ETFs have written a success story in Europe over the past 15 years, and the market does not yet seem to be oversaturated. Instead, the opposite seems to be true: the European ETF industry has witnessed a number of new players in the market, despite there being high competition in general in the European ETF market, and some market observers suppose that a number of ETF promoters are not at all profitable. That said, there is a sweet spot (the “smart beta segment”) where the competition is not that high and the pressure on management fees is quite low. Fund promoters can differentiate themselves there by using particular factors or by the way they structure the underlying indices for their ETFs.
The majority of the established ETF promoters have entered this arena by using factor-based indices, calculated based on well-known market capitalization-weighted indices, e.g., only constituents of the respective market capitalization-weighted index are eligible for the given factor index. In contrast, ETF boutiques such as Wisdom Tree and First Trust offer ETFs based on indices they have developed. Earlier this year we witnessed active managers Candriam, Fidelity, and Franklin Templeton entering the European ETF market by offering active ETFs. During the summer we learned that JP Morgan is going to launch in Europe later this year a suite of ETFs based on hedge fund strategies, while Amundi (a well-established ETF promoter in Europe) launched on Euronext Paris at the beginning of this month an ETF with a market-neutral strategy.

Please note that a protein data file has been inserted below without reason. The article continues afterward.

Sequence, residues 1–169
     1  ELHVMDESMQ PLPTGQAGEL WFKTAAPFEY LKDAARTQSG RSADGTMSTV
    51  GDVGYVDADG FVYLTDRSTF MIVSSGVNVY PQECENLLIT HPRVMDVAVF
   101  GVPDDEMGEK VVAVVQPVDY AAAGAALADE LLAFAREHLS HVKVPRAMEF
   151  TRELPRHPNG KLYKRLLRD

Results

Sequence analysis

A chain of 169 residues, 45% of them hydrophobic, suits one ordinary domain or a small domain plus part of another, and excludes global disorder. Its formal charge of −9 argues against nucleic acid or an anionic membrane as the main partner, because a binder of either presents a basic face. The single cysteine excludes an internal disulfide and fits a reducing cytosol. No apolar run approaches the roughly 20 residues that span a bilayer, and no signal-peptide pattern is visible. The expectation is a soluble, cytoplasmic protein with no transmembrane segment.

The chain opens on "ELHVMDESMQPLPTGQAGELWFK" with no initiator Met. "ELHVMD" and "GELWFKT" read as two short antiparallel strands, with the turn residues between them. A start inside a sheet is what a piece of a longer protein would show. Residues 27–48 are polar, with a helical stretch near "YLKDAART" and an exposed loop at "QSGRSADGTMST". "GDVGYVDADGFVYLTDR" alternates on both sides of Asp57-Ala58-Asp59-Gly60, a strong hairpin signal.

Even though the launch of ETFs based on hedge fund strategies might be seen as a logical development for the market, the first promoter to offer hedge fund strategies wrapped in an ETF—Marshall Wace—struggled to gather investor interest in Europe. From my point of view this isn’t proof that these kinds of products are not in the favor of European investors. But the high complexity of these strategies requires great effort by the sales forces of the respective ETF promoters to make the new products a success. In addition, some investors and market observers doubt whether hedge fund strategies should be wrapped into an ETF, since an ETF has high liquidity (because it can be traded every second) while hedge funds offer in general much lower liquidity. Even liquid alternatives under the UCITS regulation have only daily liquidity. Another doubt about these products may be the bid/offer spread, since some products may lack transparency about the underlying index, which could lead to so-called risk price, i.e., a wider bid/offer spread set by the market makers of these products.
In this regard, I am not saying I am in general against having hedge fund strategies wrapped into an ETF. Only time will tell whether European investors are ready and willing to buy these kinds of products.
The views expressed are the views of the author, not necessarily those of Thomson Reuters.